It then becomes soft and pliable.

Even more elastic.

My daughter Charlie made a cheese braid.

Click on the link below for a video of the entire mozzarella-making process. I apologize for the herky-jerky phone video quality of this, but it does help you get a better idea of what the experience was like. I still can’t get over how Jean-Baptiste dunked his hand directly into boiling hot water.

Touring the Pizza Farm
After we made cheese, we had a brief tour of some of the working aspects of the farm. These chickens produce eggs used on the farm.

Chickens used for eggs.

Grapes and peaches grow above the Chicken Coop.

Grapes and Peaches.

Cows for meat and milk are kept in the same barn. The milk cows are named, but the meat cows are not.

A friendly milk cow.

I do not read Italian, but these were instructions on behavior in the cow barn.


Here are some beautiful, freshly-picked tomatoes ready for sorting and cleaning.

Tomatoes ready for sorting

More tomatoes.

Time to Make the Pizza!
After some thorough hand-washing, we went inside to make lunch: pizza! The pizza making room was set up for us to work some magic.

Pizza-making room. The white on the bottom left table is flour.

Of course, I had to take a quick photo tour of the pizza making room so that you could get the full atmospheric feel of the place!

Display on the pizza-room shelving.

The pizza oven is heated to approximately 900 degrees Fahrenheit!

Pizza Oven

We were given a lesson on how to treat the dough. I did too much pulling and not enough pushing of the dough and had to start over.

Pulling the Dough

Then we tossed the dough. I think my technique could use a little work. :-)

Tossing the Pizza Dough

I should note that two members of the Adventure group had medical issues with gluten consumption. They informed our AbD guides about this in advance and the farm was able to provide them with gluten-free dough for their pizzas and a clean area for pizza assembly.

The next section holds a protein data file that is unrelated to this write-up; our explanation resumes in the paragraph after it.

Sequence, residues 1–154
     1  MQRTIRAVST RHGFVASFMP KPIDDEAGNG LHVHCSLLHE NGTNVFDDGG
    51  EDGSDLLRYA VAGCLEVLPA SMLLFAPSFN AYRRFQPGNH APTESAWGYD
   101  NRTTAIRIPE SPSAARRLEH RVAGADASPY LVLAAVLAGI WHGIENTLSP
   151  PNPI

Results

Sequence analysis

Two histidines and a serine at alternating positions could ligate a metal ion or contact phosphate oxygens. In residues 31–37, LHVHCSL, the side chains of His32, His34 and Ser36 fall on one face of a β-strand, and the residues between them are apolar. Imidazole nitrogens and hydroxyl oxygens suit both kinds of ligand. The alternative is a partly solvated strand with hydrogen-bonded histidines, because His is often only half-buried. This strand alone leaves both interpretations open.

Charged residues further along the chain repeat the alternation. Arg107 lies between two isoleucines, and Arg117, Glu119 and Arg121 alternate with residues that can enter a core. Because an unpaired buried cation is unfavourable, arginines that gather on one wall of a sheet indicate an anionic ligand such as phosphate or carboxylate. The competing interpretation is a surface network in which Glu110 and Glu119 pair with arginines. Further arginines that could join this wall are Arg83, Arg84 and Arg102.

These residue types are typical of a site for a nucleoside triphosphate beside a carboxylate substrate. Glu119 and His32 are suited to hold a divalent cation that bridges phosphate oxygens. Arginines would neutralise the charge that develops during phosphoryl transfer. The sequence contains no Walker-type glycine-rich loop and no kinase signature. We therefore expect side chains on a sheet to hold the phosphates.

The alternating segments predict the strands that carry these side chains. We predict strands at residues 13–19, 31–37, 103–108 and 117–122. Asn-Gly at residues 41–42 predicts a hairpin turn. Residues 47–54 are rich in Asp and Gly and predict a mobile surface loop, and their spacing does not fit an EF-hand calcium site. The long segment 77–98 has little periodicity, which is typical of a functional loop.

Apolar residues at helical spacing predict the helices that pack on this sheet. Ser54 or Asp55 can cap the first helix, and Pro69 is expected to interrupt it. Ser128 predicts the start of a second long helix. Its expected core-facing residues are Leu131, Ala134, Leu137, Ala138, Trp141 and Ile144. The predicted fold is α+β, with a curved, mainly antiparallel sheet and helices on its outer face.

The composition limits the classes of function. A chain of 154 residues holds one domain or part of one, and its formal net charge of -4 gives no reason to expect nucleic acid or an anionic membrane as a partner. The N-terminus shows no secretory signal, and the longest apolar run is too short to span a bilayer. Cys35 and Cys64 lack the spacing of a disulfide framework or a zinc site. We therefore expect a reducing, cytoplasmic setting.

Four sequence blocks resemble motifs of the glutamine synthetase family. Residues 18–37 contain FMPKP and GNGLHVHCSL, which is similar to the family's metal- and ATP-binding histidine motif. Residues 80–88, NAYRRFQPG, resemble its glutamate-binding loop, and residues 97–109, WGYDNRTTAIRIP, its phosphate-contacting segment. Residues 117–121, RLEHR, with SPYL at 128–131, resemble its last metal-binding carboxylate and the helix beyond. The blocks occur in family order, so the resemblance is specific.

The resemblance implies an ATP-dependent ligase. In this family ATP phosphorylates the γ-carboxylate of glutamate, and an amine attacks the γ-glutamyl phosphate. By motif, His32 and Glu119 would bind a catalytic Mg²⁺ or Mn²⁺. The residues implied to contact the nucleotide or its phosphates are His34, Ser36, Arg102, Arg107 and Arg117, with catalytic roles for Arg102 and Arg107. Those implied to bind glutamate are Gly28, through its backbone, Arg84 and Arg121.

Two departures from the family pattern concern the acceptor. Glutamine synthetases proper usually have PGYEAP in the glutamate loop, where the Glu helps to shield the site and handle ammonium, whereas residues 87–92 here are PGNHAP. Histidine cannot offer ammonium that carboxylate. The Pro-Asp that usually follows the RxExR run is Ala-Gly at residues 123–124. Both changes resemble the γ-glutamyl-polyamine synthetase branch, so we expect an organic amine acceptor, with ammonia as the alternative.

After we shaped our pizza dough, we then moved on to topping station where we added sauce made from tomatoes grown on the farm and cheese made on site (but not the cheese we made, that wasn’t ready to eat yet).

Adding the sauce.

When our toppings were completed, Jean-Baptiste placed our pies into the oven for only four minutes each. The intense heat means that cooking times were short.

Behold the finished product. They made it themselves!

We had a wonderful time eating our creations (quite delicious if I do say so myself). And then Mary Lou brought us homemade profiteroles (cream puffs) with lemon icing. And yes, the cream and icing were made with milk and lemons grown at the farm.


Our final taste that afternoon was house-made limoncello. Absolutely delightful and refreshing.


Shopping the Farm
Our meal was over, but there was one more component of the tour — shopping! Mary Lou led those of us who wanted to check out the goodies downstairs into a teeny tiny shop where they sell products made on the farm, primarily jams and liqueurs.

House-made jams and marmalades.

Clear liqueurs.

Cream liqueurs (think kahlua).

Shopping bag.

I purchased orange marmalade and fig jam as well as limoncello (how could I not) and orange and blueberry liqueurs.

I have to confess that my bottle of blueberry liqueur is now gone. I thought I would have a taste at home, think it was strange, then give it to my mother (a connoisseur of odd foods), but it was absolutely wonderful. I can’t quite figure out how I’m going to get back to Italy to get more, but I’m working on it.


More AbD posts to come from Erin’s recent trip! Have you been on an Adventures by Disney trip, or would you like to go? Let us know in the comments section below!


  1. says

    I would love to do ABD but at this point it’s a little out of my budget. Maybe once that DVC is paid off! ;-) In all seriousness, I could maybe see doing ABD once I have a kid and I’m unwilling to do more of the “roughing it” style trips my husband and I do now.

  2. says

    Touring a family-owned pizza farm? Now there’s the Disney difference! Sounds like an amazing trip.